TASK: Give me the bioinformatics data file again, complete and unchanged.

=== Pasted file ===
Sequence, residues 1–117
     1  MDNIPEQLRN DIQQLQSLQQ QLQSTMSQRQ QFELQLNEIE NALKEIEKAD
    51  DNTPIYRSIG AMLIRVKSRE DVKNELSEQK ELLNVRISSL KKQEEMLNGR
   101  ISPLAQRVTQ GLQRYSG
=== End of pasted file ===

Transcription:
Sequence, residues 1–117
     1  MDNIPEQLRN DIQQLQSLQQ QLQSTMSQRQ QFELQLNEIE NALKEIEKAD
    51  DNTPIYRSIG AMLIRVKSRE DVKNELSEQK ELLNVRISSL KKQEEMLNGR
   101  ISPLAQRVTQ GLQRYSG